Talk:Skew normal distribution

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I created the article on skew normal distributions today... It is highly useful empirically when you have a distribution that is skewed away from normal -- it gives you a parametric model, which can be then used for confidence intervals, hypothesis testing, etc. Velocidex (talk) 01:29, 13 March 2008 (UTC)

Nice work! I was going to ask you about the pdf... but you fixed it so fast! Josuechan (talk) 07:03, 13 March 2008 (UTC)
BTW, do you happen to know how to generate a draw from this distribution? any references? Josuechan (talk) 07:06, 13 March 2008 (UTC)
Same way you can draw from any other distribution. Check out rejection sampling. Velocidex (talk) 23:54, 2 April 2008 (UTC)

I have two remarks to the above discussion and the text of the article. (1) Random number generation: this is possible _without_ rejection of a portion of any generated values as in rejection sampling, see (2) Early appearances of this distribution: the information provided is not appropriate, see -- (talk) 12:54, 12 March 2010 (UTC)

Inflection points?[edit]

In a standard normal distribution, the inflection points are at ±σ. Where are they in this distribution? —Ben FrantzDale (talk) 20:58, 26 August 2008 (UTC)

Reply: I have done a bit of calculating on this question (after a brief search of the literature available on the net on this distribution) and I think I'm halfway to the answer. I doubt I'll take it much further. To not have this go to waste I'm gonna give my derivation here in case someone wants to take it further.

Starting with f(x) as defined:

We need to find the f(x), set it equal to 0 and solve for x. Thus we find f'(x) which is: (by the product rule for derivatives)

which we can rewrite as follows using the fundamental theorem of calculus (FTC), and the fact that :

Applying the FTC to proceeds as follows:

[NOTE: The FTC is defined as valid over any closed interval. The integral here is defined over a right-closed interval, which seemingly precludes the application of the FTC. The part of the integral, however, has such a small value (approaching 0) that the FTC can quite validly be applied. This statement will need better qualification before it is put on the page]

We also see that the first term can be rewritten in terms of f(x), giving:

We now determine f"(x), again using the product rule for derivatives:

which we can rewrite using the chain rule for :

which we rewrite by substituting f'(x) as earlier computed

grouping the terms...

setting equal to 0, we now get

which we can rewrite as

getting f(x) alone on the left...

We now substitute f(x) from the definition, giving:

we cancel the on both sides:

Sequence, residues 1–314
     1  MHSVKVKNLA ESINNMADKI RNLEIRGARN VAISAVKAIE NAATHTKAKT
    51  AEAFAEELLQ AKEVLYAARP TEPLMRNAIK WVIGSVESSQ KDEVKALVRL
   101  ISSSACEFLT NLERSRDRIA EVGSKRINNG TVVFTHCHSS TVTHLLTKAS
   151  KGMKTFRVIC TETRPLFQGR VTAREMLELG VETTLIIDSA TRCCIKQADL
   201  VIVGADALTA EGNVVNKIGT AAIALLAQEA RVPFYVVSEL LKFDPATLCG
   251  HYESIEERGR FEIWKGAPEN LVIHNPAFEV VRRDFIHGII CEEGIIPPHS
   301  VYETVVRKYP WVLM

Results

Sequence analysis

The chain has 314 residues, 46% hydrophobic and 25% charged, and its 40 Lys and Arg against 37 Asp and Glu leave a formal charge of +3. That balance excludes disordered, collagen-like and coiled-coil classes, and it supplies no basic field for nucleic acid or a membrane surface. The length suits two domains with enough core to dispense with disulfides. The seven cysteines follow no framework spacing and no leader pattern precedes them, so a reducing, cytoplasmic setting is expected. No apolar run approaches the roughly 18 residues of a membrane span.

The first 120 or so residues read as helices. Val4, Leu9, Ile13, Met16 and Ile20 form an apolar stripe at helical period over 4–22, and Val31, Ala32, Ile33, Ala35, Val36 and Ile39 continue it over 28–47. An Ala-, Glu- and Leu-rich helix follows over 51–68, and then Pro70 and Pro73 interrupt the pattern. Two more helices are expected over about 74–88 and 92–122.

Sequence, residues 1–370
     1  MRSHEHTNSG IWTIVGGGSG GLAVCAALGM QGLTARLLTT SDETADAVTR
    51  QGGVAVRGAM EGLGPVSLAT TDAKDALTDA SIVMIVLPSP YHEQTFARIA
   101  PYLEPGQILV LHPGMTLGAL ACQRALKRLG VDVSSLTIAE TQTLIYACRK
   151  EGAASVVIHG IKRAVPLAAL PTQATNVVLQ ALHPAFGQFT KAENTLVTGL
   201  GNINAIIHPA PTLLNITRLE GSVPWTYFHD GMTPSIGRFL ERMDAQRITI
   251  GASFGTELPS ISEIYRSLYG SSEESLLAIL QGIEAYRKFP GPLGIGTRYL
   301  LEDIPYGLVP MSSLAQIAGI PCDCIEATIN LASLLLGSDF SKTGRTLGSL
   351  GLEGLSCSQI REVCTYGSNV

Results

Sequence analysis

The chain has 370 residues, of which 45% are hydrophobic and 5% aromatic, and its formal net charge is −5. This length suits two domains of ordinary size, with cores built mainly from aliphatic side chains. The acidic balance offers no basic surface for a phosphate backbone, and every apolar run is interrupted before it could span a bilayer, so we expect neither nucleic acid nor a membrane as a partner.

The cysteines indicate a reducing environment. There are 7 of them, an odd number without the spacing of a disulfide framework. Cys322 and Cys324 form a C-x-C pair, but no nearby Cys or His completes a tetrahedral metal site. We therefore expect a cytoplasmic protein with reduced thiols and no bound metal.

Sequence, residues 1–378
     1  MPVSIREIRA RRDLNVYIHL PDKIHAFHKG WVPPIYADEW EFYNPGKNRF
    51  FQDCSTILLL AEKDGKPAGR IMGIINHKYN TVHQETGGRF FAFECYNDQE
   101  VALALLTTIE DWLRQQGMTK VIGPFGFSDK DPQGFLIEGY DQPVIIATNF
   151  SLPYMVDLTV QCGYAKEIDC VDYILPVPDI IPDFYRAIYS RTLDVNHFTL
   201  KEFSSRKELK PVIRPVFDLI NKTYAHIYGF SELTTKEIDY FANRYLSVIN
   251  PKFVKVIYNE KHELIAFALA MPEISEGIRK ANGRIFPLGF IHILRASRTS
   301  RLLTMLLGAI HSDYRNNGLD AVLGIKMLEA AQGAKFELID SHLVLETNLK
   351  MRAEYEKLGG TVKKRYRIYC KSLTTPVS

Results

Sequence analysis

apply FTC and the product rule:

using the quotient rule: (and canceling a both sides)

cancel and multiply through with

obtain an equation in x:

which can be rewritten as a quadratic equation by setting :

This equation in v can be solved using the quadratic formula.

This should suffice to get you close to an answer. I'm not 100% sure what I did above was correct, so CHECK IT please. I found the discriminant of the quadratic and found that it can be negative, and indeed is for the case a=0. This tells me something might be seriously wrong.

I know this is original work, so do with it what you will, I didn't put it on the main page for just that reason. --Tjips (talk) 17:50, 10 April 2010 (UTC)


Are the median and mode left off for a reason? Honestly I don't know a lot about this distribution but even if these are difficult to calculate for some reason it would seem important to specify them somehow.

--Mcorazao (talk) 15:05, 4 May 2010 (UTC)

As far as I can discover, there are no closed expressions for the mode and median.

I propose to add this, and that they can be computed

  • median from quantile(1/2)
  • mode by finding the maximum of the pdf

Paul A Bristow (talk) 14:43, 31 January 2012 (UTC)

The formula for the PDF, beneath the graphs, appears wrong[edit]

In the main article it says the PDF is given by:

When we substitute in for x and expand this, we get:

But the formula just below the graphs show:

The formula beneath the graphs needs to be multiplied by a factor of:

Numerical methods confirm this (the following is Maxima code):

pdf(x,mu,sigma,alpha):= sqrt(2/%pi)/sigma * %e^( -(x-mu)^2/(2*sigma^2)) * quad_qagi(%e^(-t^2/2)/(sqrt(2)*sqrt(%pi)),t,minf, alpha*(x-mu)/sigma )[1];

quad_qags(pdf(x,-1,1,10),x,-20,20); —Preceding unsigned comment added by [[User:{{{1}}}|{{{1}}}]] ([[User talk:{{{1}}}|talk]] • [[Special:Contributions/{{{1}}}|contribs]])

It seems to me from numerical calculation - for a normal distribution - that there's a 1/omega factor missing in the pdf with omega and xi, i.e. it should be:
i get this from using 'normpdf' and 'normcdf' in octave 3.0.1. Boud (talk) 20:11, 5 October 2010 (UTC)

Agreed, a factor is missing. —Preceding unsigned comment added by (talk) 13:28, 13 October 2010 (UTC)

I agree with the current main text, but I think the factor from the original comment is still missing from the formula under the graphs. Bmelinden (talk) 13:12, 29 August 2016 (UTC)

alpha not really in (-1,1) or is it?![edit]

I just got confused with the part that "the skewness of the distribution is limited to the interval (-1,1)". This contradicts with the plots where α has values 4 and -4 and also with information that the first external link points to, where Adelchi Azzalini writes what happens if α goes to infinity. I think that part on the page is either written in a confusing way or simply wrong. Herdtien (talk) 15:16, 11 October 2010 (UTC)

Notice, the difference between the skewness of the distribution and its shape parameter. —Preceding unsigned comment added by (talk) 13:07, 13 October 2010 (UTC)